Limor “Ladyada” is a MIT engineer, open source hardware and software pioneer and entrepreneur. She is the founder of the educational electronics company, Adafruit. Her goal was to create the best place online for learning electronics and making the best designed products for makers of all ages and skill levels. Limor was the first female engineer on the cover of WIRED magazine, an EFF Pioneer Award recipient for open-source software & hardware and was recently awarded Entrepreneur magazine’s Entrepreneur of the year.

    See you there!

  • Tuesday, April 22, 2014 - 21:00
    3D Paper Artwork by Maud Vantours #ArtTuesday


    Pasted Image 4 21 14 11 20 PM

    3D Paper Artwork by Maud Vantours:

    Maud Vantours was born in 1985 in France. Designer and artist, she lives and works in Paris. A graduate from the parisian school Duperré, Maud follows a Design training with a specialisation in textiles and materials research.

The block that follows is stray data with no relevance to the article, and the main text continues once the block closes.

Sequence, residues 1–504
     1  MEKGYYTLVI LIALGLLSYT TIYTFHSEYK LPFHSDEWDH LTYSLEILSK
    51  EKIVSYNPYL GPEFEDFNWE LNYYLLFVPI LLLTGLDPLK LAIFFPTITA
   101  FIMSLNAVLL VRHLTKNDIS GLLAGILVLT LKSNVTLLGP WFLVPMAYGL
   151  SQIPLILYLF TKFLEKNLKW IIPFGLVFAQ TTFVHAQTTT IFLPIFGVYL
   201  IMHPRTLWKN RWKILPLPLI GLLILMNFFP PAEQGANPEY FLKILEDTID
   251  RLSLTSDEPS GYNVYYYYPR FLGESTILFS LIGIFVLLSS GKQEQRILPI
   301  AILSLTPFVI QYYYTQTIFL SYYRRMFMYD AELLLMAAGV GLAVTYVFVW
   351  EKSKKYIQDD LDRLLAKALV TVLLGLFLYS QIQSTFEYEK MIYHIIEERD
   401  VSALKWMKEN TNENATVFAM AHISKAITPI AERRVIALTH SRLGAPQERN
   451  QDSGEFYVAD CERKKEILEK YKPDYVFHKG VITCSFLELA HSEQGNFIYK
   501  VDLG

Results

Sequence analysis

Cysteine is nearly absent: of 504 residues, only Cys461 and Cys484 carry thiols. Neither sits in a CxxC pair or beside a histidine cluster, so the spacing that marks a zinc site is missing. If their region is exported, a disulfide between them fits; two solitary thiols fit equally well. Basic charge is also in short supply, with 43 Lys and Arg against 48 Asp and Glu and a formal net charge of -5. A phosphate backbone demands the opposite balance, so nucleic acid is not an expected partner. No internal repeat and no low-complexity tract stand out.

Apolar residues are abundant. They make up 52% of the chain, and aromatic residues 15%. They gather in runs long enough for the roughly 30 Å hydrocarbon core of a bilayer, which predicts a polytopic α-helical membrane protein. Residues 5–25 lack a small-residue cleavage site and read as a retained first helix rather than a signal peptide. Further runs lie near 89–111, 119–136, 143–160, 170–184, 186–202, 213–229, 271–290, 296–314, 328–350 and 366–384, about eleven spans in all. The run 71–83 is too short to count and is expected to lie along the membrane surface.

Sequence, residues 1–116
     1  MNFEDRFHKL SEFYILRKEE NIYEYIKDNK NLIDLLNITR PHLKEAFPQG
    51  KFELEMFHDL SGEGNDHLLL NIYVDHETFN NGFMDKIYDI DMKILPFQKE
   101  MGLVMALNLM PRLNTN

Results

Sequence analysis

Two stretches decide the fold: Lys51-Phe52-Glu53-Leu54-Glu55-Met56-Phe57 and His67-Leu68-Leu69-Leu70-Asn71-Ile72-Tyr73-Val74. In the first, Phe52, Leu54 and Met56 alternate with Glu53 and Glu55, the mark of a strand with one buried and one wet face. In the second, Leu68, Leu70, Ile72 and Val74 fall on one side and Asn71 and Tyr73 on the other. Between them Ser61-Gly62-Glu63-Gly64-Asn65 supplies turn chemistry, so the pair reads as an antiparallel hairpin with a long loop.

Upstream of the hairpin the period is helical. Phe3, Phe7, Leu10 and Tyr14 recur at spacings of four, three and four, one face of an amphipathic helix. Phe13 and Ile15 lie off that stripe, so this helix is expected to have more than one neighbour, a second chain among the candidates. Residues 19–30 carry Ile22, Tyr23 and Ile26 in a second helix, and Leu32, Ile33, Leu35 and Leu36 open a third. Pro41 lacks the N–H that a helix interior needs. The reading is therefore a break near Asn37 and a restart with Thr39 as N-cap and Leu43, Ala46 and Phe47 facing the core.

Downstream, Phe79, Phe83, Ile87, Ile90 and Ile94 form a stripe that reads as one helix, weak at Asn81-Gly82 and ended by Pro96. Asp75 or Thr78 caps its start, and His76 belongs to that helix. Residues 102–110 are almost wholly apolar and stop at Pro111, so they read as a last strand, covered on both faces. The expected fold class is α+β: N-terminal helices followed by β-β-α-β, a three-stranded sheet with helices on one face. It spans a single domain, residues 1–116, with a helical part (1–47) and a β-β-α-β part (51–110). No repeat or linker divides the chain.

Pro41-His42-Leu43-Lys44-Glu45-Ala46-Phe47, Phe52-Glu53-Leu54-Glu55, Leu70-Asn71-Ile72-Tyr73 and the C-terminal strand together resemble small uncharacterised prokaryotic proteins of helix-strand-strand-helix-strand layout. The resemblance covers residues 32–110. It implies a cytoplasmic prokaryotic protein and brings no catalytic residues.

Color, material and patterns have an important place in her work, like paper, which became her favorite material. She sculpts it in 3D layer after layer, by superimposing paper and colors to create inspired patterns in volume.

     

    Maud’s work transcending a simple material and transforming it into a work of art. Her design creations are original graphics of multicolored and dreamlike landscapes….

    Read More.

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    Pasted Image 4 21 14 11 24 PM

  • Tuesday, April 22, 2014 - 20:52
    Earth Day 3d Printing Project #3dprinting